|Cumbres & Toltec train on Cumbres Pass. The white cloud is steam from the whistle.|
Ride one of these steam-powered trains, and you quickly understand why nineteenth-century people wore a lot of black. Once they put glass in the car windows, people then had a choice between no ventilation and breathing sooty smoke while wearing cinders too.
But maybe the fascination with steam comes from its being almost as understandable as animals.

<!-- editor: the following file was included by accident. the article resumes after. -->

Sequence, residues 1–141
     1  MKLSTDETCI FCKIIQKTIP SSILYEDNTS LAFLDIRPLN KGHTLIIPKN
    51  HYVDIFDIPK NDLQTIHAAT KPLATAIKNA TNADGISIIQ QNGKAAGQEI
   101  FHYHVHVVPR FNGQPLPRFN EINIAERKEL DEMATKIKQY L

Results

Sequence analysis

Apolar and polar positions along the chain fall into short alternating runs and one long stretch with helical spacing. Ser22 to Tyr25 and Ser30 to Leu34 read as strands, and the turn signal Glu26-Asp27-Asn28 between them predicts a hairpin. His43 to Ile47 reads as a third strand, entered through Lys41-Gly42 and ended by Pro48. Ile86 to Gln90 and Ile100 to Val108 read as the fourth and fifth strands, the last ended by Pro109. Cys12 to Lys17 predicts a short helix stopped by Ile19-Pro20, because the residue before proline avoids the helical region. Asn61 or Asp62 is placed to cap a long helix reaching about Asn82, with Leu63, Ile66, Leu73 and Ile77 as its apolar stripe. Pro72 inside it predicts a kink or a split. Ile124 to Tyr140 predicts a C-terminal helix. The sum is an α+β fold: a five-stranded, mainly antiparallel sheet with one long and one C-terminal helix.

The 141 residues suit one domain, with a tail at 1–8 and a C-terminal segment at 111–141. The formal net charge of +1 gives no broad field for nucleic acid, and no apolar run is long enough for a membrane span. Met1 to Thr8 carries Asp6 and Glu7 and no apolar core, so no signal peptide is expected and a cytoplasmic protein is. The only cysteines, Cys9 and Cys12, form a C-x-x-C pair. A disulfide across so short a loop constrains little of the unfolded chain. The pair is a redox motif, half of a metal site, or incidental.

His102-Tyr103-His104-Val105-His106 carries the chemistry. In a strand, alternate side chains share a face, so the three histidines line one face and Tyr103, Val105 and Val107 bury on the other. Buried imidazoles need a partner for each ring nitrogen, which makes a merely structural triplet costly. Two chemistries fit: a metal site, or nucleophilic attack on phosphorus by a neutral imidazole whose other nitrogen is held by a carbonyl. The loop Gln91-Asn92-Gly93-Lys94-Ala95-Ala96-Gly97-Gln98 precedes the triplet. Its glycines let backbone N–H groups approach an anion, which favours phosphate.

Combine fire and water and you have steam, and then it works those big external pistons, and chuff chuff chuff, the locomotive goes down the track.
M. and I were driving up Colorado 17 on Saturday, and despite the two hours of rain at our nearby campsite the night before, she suddenly stiffened: "Is that a fire?"
No, it was the excursion train puffing away as it sat on the pass, one of the stops on its scenic interstate route.
To recreate nineteenth-century industry even better, find yourself in downtown Durango on a wintry day with a thermal inversion as that steam train leaves the station, filling street after street with coal smoke. Then multiply times fifty.